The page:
Now, middle class families still can - and do! - afford Orlando theme park vacations. It's just that, today, staying off-site on 192, visiting the parks during "normal" operating hours, waiting in lines, and eating only counter-service meals gives a family of vacationers the low end of what the Orlando theme parks have to offer, instead of the typical experience enjoyed by the vast majority of visitors.
Even as the parks raise their "rack rates" for admission and hotel rooms, they continue to offer discounts that sharp consumers can exploit. But to get the most value from an Orlando theme park vacation, families can't just pile in the car and hit the road for Central Florida, as they once could do. Today, middle class families that want more than a bare-bones Disney or Universal theme park vacation are going online, doing research, and getting engaged with fan communities. They're not just tracking discount opportunities, they're learning tips and lessons on how to navigate the increasingly complex offerings at the parks, to get the most value for what they're paying.
While that's great for site such as Theme Park Insider :^) - that's tough for time-pressed middle-class parents who are working harder than ever for the same wages their parents earned in the 1970s.
So what happens to middle-class theme park fans who can't afford Orlando any longer? Many of them have been discovering high-quality, but more affordable, regional parks closer to home. One of my goals on Theme Park Insider is to bring to your attention world-class offerings at these regional parks, such as themed lands of Busch Gardens Williamsburg, the Broadway-quality entertainment at Dollywood, and the free amenities and top-notch wooden roller coasters at Holiday World.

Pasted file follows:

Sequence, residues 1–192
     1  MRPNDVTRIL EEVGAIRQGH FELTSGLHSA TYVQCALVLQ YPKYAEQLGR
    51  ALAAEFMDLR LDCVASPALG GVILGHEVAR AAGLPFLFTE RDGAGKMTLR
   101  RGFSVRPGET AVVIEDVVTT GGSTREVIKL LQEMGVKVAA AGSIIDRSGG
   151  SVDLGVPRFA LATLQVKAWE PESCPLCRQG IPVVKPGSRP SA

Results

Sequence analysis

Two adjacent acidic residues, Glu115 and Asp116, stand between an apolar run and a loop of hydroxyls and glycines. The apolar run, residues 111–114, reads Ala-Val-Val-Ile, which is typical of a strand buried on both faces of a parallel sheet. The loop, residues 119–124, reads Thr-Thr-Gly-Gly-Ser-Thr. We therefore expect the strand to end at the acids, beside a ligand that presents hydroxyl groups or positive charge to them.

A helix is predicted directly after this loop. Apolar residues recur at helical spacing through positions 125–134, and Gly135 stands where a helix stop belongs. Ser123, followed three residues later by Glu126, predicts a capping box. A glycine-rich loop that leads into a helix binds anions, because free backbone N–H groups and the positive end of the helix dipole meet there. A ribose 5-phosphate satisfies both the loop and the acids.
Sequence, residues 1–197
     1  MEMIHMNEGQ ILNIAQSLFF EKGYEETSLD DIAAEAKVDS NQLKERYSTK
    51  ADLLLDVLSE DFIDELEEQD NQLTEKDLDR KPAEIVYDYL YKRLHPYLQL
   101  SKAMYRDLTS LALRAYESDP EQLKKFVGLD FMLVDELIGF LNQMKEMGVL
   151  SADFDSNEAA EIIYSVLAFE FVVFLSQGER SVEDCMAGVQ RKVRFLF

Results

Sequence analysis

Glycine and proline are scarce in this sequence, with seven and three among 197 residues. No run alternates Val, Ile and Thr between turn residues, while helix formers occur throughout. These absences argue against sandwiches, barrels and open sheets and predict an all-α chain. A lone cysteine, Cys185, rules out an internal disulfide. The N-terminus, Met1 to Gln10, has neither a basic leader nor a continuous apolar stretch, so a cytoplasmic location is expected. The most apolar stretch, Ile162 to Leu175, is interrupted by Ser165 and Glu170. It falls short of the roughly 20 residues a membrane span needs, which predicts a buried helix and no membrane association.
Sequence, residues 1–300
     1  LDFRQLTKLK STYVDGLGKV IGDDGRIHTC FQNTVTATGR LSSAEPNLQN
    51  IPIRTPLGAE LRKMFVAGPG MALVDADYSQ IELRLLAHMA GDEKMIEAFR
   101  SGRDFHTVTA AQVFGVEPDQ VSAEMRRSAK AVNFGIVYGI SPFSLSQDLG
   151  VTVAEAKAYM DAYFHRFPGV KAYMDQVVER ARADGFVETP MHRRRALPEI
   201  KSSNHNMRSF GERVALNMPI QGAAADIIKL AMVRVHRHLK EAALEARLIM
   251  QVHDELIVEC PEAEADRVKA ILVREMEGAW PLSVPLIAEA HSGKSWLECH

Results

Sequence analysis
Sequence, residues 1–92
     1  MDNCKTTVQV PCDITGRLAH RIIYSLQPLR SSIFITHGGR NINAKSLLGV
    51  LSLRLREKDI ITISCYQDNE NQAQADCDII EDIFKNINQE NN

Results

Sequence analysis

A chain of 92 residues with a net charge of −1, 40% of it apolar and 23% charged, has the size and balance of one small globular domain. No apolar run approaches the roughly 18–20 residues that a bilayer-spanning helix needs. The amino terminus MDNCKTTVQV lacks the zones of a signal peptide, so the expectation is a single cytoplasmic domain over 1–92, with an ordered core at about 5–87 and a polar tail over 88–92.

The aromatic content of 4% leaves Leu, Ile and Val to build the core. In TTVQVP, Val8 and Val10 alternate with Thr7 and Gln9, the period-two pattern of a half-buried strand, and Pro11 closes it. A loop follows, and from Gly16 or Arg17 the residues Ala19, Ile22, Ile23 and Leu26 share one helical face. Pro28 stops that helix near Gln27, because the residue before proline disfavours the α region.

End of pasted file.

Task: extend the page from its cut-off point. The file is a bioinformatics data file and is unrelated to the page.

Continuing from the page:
Why do theme parks raise their ticket prices? Because they can. Demand drives ticket prices in the theme park business. So long as people keep buying tickets and booking theme park vacations, parks will continue to raise prices as they seek the "optimum market price" - the price point just before they start losing so much business that it reduced their overall income. With wealthy Americans earning more than ever, the nation's high-end theme parks have decided to go after that market. And so far, they're getting it.
Want to know why Disney and Universal are raising their prices? There you go. The smart thing for you to do - as a consumer and a theme park fan - is to set your emotion aside and to make a smart, well-informed decision about where you'll spend your vacation dollars. (And that's true no matter what your income level.) Research discount opportunities in Orlando. Learn how to get the most from your vacation dollars at the parks. Improve your money management skills. And look into world-class alternatives at competing regional parks.
Enjoy yourself while on vacation, but treat your vacation planning like it's business. Get informed. Look at the alternatives. And find the option that delivers you the maximum enjoyment without breaking your family's budget. For theme parks, ticket prices are a calculated business decision. Your decision whether or not to pay those prices should be just as well calculated.